What is a Concussion?

A concussion is a type of brain injury that damages the cells in the brain and causes them to not function properly.

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Who is Vulnerable?

Teenagers are especially vulnerable to concussions. A 2017 survey of teenagers by the CDC found that 2.5 million teenagers experienced a concussion in a sport or recreational activity, and 1 million teenagers reported two concussions in the previous year. (Concussion Legacy Foundation)

It is not safe to continue to play sports while concussion symptoms are present. It is important to be cleared by a medical professional trained in concussion management before returning to sports. If a person suffers a second concussion while still having symptoms from their initial concussion, a condition called second impact syndrome can occur, which will cause sudden and severe brain swelling. Although rare, this can become fatal.

Symptoms of concussions are wide and varied. Symptoms include:

  • A general feeling of fogginess
  • Confusion
  • Memory loss
  • Dizziness
  • Nausea
  • Headaches with sensitivity to light and sound
  • Feeling tired

It is important to be seen at a registered concussion center to have the best possible outcome. One of the best practices for patients who are at high risk for concussion, such as athletes, is to have a cognitive assessment before the injury even occurs. This is called a baseline screening. This baseline screen is held on file in the event that someone suffers a concussion and another test can be administered. The post-injury test results are then compared to the baseline to assess the severity of the symptoms, direct treatment, and predict recovery. Without a baseline for an individual, the provider is forced to compare to a group of peers instead of the individual which is not as accurate.

SHP offers free baseline screenings that are stored on file in a national database where medical providers can access these results across the country. If someone suffers a concussion while away at a tournament for example, or moves to a different state or city, these baseline evaluations can still be accessed.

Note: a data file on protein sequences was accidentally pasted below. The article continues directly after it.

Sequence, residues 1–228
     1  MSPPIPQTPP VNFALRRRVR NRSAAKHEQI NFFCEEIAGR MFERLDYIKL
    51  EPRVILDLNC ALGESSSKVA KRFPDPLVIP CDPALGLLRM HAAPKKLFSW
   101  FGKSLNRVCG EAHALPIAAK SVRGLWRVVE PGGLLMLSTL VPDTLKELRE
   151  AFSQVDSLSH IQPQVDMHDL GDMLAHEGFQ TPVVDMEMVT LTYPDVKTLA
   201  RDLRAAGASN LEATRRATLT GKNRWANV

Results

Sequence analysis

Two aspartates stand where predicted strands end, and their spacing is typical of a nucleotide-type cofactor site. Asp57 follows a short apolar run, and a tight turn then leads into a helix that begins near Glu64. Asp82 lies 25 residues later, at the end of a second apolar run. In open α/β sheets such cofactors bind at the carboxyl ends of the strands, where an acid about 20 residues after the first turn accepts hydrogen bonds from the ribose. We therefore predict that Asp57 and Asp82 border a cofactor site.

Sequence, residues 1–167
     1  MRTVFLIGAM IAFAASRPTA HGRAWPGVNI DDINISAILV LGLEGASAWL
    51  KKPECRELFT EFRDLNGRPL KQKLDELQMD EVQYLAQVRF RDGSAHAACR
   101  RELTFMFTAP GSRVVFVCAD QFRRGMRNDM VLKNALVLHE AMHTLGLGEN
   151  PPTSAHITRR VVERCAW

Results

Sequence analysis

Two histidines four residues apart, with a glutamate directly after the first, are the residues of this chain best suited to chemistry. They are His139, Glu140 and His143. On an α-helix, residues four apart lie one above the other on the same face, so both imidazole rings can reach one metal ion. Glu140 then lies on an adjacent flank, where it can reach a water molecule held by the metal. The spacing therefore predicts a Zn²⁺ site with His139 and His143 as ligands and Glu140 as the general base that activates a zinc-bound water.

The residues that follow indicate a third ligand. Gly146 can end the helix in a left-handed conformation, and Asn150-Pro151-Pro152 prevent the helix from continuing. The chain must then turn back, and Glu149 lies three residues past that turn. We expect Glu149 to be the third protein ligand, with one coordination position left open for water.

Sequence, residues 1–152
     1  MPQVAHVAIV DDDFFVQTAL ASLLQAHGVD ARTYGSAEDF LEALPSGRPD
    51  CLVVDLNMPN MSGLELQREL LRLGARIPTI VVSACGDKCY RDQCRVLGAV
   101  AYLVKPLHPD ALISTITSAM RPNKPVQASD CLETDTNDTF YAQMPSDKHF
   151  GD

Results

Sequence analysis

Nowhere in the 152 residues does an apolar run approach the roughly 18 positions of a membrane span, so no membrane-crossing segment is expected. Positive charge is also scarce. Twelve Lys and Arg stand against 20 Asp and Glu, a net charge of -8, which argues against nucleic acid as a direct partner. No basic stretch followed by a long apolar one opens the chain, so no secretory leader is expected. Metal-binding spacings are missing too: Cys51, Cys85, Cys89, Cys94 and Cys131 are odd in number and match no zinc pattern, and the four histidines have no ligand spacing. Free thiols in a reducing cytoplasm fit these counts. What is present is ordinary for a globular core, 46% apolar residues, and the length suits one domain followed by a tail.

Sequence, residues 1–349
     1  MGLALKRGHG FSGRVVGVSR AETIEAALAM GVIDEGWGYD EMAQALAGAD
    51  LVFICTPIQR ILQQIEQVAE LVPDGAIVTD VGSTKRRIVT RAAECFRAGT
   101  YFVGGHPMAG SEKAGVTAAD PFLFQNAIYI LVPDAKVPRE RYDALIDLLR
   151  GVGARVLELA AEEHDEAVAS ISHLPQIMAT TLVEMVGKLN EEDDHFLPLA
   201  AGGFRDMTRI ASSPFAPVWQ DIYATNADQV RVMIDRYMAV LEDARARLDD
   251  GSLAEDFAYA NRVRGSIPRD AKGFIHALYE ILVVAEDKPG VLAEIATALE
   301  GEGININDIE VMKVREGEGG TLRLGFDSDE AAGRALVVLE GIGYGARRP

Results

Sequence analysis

SHP also offers concussion treatment and will help get someone back to sports or normal activities when safe to do so. Some treatments include monitored rest periods, special types of therapy and, in rare cases, special referrals to neuropsychologists for stubborn symptoms that do not resolve.

The bottom line is that it is important for athletes and anyone else that is at a higher risk for a concussion to obtain a free baseline screening because it will help providers understand their injury better, help tailor a treatment plan for them, and help predict and plan a safe return to sports and activities.

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Physician Assistant, Andy Cox of Synergy Health Partners Orthopedic Urgent Care talks about concussions. What is a concussion and what happens to your brain when you suffer one. Andy talks through care options and gives insight into baseline concussion testing.

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